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USDA Allows 'Split Status' for Bovine TB in Minnesota

posted on October 10, 2008


DERBY, Vt. (AP) -- This summer, Steve Sanford had to tell 106 dairy farmers in rural northern Vermont he could no longer treat their cows.

Battling degenerative arthritis, the 56-year-old large animal veterinarian can't do the physically challenging work any more. Worse, he can't find anyone who will, having already tried to recruit a bovine veterinarian to join his practice. He has advertised for help and trained new graduates - only to have them leave after short stays.

Now, three vet trucks sit idle in his parking lot.

"Believe me, I've looked under every stone, there is no one out there," he said.

The shortage of large animal veterinarians isn't limited to Vermont. In New England, there will be 1,036 vet vacancies in the next six years, according to a June study by the Cummings School of Veterinary Medicine, at Tufts University. In the same time period, over a quarter of the more than 100 specialized food animal veterinarians will reach retirement age, the study found.

Fewer people are interested in large animal veterinary medicine, said David Kirkpatrick, a spokesman for the American Veterinary Medical Association. With a decline in the number of family farms, fewer children are getting exposed to agriculture, he said.

The first years on the job, too, can be daunting. Saddled with an average of $106,000 in school debt and an average starting salary of $53,000, large animal vets don't make what small animal doctors do - about $60,000 a year to start.

Last year, 60 percent of vet school graduates went into private practice, with just 5 percent in large animal veterinary medicine exclusively and 41 percent in small animal practice, according to Kirkpatrick.

The trend isn't just bad news for farmers. It's potentially bad for consumers as well.

"With the critical role that food animal veterinarians play in protecting the nation's food supply, this shortage is especially alarming," the Cummings study said.

The American Veterinary Medical Association and Association of American Veterinary Medical Colleges have urged Congress to pass bills aimed at boosting the number of new vets through a loan forgiveness program for those who work in underserved areas and a competitive grant program for colleges to bring in more students.

At least 13 states - most recently New Hampshire - are starting or have started loan forgiveness programs.

But Kirkpatrick says without a federal program, the improvements will be incremental.

Sanford thinks there's more to it. Since 2000, he's noticed a change in attitude and work ethic of new graduates he's hired.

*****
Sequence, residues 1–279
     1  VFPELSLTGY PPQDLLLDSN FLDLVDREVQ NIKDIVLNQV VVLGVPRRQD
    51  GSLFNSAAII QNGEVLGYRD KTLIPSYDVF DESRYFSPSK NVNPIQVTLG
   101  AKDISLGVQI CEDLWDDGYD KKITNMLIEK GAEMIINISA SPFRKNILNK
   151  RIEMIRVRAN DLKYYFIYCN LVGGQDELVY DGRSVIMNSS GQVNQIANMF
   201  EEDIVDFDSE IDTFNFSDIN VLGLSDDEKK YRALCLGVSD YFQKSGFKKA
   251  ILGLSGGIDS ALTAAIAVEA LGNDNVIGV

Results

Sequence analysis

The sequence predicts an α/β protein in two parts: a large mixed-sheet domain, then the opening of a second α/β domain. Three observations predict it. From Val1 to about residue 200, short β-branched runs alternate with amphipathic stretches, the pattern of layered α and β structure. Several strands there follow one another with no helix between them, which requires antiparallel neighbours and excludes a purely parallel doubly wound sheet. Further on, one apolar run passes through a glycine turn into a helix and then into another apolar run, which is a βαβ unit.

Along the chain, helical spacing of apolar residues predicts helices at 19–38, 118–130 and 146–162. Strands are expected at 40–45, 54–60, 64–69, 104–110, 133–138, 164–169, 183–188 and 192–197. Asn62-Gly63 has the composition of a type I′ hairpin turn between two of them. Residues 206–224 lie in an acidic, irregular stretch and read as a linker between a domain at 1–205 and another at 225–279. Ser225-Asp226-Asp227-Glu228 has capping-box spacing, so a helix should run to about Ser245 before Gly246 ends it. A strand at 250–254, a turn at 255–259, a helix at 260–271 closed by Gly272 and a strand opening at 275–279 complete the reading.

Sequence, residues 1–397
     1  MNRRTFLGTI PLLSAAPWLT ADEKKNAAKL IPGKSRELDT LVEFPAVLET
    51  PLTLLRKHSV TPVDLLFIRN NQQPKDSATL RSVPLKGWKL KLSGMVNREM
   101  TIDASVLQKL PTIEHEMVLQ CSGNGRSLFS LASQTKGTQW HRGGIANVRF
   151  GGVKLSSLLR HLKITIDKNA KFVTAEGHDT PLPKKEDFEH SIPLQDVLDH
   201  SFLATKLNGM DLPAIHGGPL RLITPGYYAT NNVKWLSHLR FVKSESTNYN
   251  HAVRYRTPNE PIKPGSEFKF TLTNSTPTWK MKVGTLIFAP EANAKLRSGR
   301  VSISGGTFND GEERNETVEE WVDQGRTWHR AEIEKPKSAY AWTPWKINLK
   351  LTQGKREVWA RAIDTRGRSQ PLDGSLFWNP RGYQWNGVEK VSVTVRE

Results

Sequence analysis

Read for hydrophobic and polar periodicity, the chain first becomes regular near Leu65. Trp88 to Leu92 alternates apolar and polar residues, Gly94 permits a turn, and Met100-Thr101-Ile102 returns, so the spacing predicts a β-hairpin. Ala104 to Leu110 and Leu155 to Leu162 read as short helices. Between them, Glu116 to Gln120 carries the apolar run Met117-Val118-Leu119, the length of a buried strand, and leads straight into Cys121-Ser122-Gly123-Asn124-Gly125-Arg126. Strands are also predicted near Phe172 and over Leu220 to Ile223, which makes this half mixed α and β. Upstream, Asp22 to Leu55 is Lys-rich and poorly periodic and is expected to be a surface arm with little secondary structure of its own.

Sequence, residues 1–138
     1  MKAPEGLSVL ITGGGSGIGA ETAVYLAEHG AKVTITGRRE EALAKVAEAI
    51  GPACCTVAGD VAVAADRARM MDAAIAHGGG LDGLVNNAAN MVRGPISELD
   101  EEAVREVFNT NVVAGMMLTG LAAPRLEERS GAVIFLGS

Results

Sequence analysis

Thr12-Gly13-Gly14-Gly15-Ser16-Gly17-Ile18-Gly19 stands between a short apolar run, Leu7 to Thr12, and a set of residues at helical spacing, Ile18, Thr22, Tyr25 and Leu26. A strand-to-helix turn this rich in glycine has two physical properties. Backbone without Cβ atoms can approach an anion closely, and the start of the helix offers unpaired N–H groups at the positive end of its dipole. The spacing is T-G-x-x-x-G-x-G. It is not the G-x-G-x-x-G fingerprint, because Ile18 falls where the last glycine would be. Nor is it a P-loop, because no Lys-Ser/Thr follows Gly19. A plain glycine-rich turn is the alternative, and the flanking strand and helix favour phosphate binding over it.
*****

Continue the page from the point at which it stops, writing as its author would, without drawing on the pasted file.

"The reality is that the romanticism of James Herriot no longer exists," he said, alluding to the late English veterinarian who wrote "All Creatures Great and Small" about life as a country veterinarian.

Kirkpatrick has heard similar laments.

But veterinarian Stephen Major said more recent graduates are simply seeking to balance work and life.

Many new graduates are older than their contemporaries were when they started their careers and have families.

"They may actually have other things to do," said Major, owner of Green Mountain Bovine and Equine Clinic in West Chesterfield, N.H. "We, as employers, need to keep that in mind, to allow for other facets of life, days off and weekends off."

To lessen the load or make up for shortages, some practices are collaborating with neighboring vets to share emergency and weekend duties, he said.

In Derby and Greensboro, where Sanford practices, there's just one vet in the county besides him.

Farmers are having to look farther away for a vet and that could be a problem if there's an emergency like difficult calving or a cow with a twisted stomach. They may also chose to forego things like pregnancy checks, which could be costly later, Sanford said.

During the last two months of pregnancy, a cow is dried off or not milked, he said.

"If you dry her off too early, then you lose that many days of milk that you could've put in the tank," he said.

He thinks technicians, perhaps farm hands, could be trained to do these exams and other common procedures to alleviate the shortage.

When Westfield dairy farmer Jacques Couture got the letter from Sanford telling him he could no longer serve his cows, he called the other vet in the county to ask if he could take in Couture's cows. He couldn't, and referred Couture to a practice in Enosburg, which is about 30 miles away.

Couture's grateful he found someone, but worries about his new veterinarian's ability to get to his farm in winter, when snow and road conditions can make travel difficult.

Sanford, who continues to treat backyard animals and pets, said giving up on his cow patients has been heart wrenching.

"I felt tremendous guilt, I felt tremendous responsibility, I overworked myself, it was a stress on my family," Sanford said. "Now, finally, I've come to a point where I'm at peace with my decision, because it's not my fault."


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